More Automotive Antics

News drove several auto stocks today, so let’s review. 👇

First, let’s start with GM-owned Cruise, which is experiencing a lot of trouble in the autonomous driving market. The California Department of Motor Vehicles (DMV) recently suspended its driverless permits over several issues. That caused the company to suspend all driverless taxi operations and pause production of its vehicles. 🛑

Additionally, reporters continue investigating the company’s safety record and “self-driving” claims. The Intercept reported that Cruise kept its vehicles on the roads despite knowing they had problems recognizing children. It also referenced that robotaxis aren’t really fully autonomous, given they require human assistance every four to five miles.

That claim references Hacker News, which targeted the company’s self-driving claims, noting that Cruise vehicles allegedly rely on human operators to achieve. In response, Cruise’s CEO wrote, “Cruise AVs are being remotely assisted (RA) 2%-4% of the time on average, in complex urban environments. This is low enough already that there isn’t a huge cost benefit to optimizing much further, especially given how useful it is to have humans review things in certain situations.” 🤔

Overall, autonomous vehicles are facing several regulatory and trust issues. Although massive investments have been made in the space, it appears that the mass adoption of fully autonomous driving is still a long way off. $GM shares remain under pressure due to this, along with broader issues in the automobile market (like electric vehicle pricing and labor costs). 

Next, Stellantis’ 2025 Ram Ramcharger is an electric truck that gets its power from a gas-powered generator. The company wants this new vehicle to be viewed as a “battery electric truck,” having a 92-kilowatt-hour battery pack with 145 miles of range. It also has a 3.6-liter V6 engine onboard a 130-kilowatt generator, which gives the truck a targeted range of 690 miles. Given the recent hiccups in the pure electric vehicle market, automakers are getting more creative in the offerings they develop and market to U.S. consumers. 🔋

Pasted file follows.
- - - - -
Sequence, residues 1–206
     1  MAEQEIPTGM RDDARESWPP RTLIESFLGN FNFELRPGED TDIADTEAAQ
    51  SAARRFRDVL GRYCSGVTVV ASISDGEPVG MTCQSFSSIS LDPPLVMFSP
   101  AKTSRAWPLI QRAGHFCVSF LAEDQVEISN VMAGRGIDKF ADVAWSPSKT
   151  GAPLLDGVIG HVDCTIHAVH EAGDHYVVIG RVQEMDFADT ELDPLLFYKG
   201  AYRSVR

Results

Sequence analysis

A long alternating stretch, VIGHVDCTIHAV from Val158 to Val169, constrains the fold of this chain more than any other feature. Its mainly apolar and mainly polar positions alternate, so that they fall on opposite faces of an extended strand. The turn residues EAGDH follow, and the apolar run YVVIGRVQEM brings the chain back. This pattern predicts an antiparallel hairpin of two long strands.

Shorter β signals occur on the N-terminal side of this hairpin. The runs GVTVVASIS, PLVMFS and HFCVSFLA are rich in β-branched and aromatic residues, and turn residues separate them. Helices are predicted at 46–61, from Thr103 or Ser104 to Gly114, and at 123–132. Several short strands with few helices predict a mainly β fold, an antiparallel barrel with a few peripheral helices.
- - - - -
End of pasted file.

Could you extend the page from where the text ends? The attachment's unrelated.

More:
Moving onto earnings, Rivian is up marginally after the bell. The electric adventure vehicle manufacturer posted a narrower-than-expected quarterly loss of $1.19 per share on $1.34 billion in revenues. Analysts had expected a loss of $1.34 per share on $1.32 billion in revenues. 🔺

The company delivered 15,564 vehicles during its last quarter, with minimal regulatory credit sales impacting revenue. It continues to ramp up production, raising its production guidance for the current year from 52,000 to 54,000 vehicles. It’s also reduced its full-year capital expenditures forecast to $1.1 billion as it looks to preserve cash following a $1.5 billion convertible debt offering last month. Lastly, its exclusivity agreement with Amazon will end earlier than anticipated, allowing the company to diversify its customer base.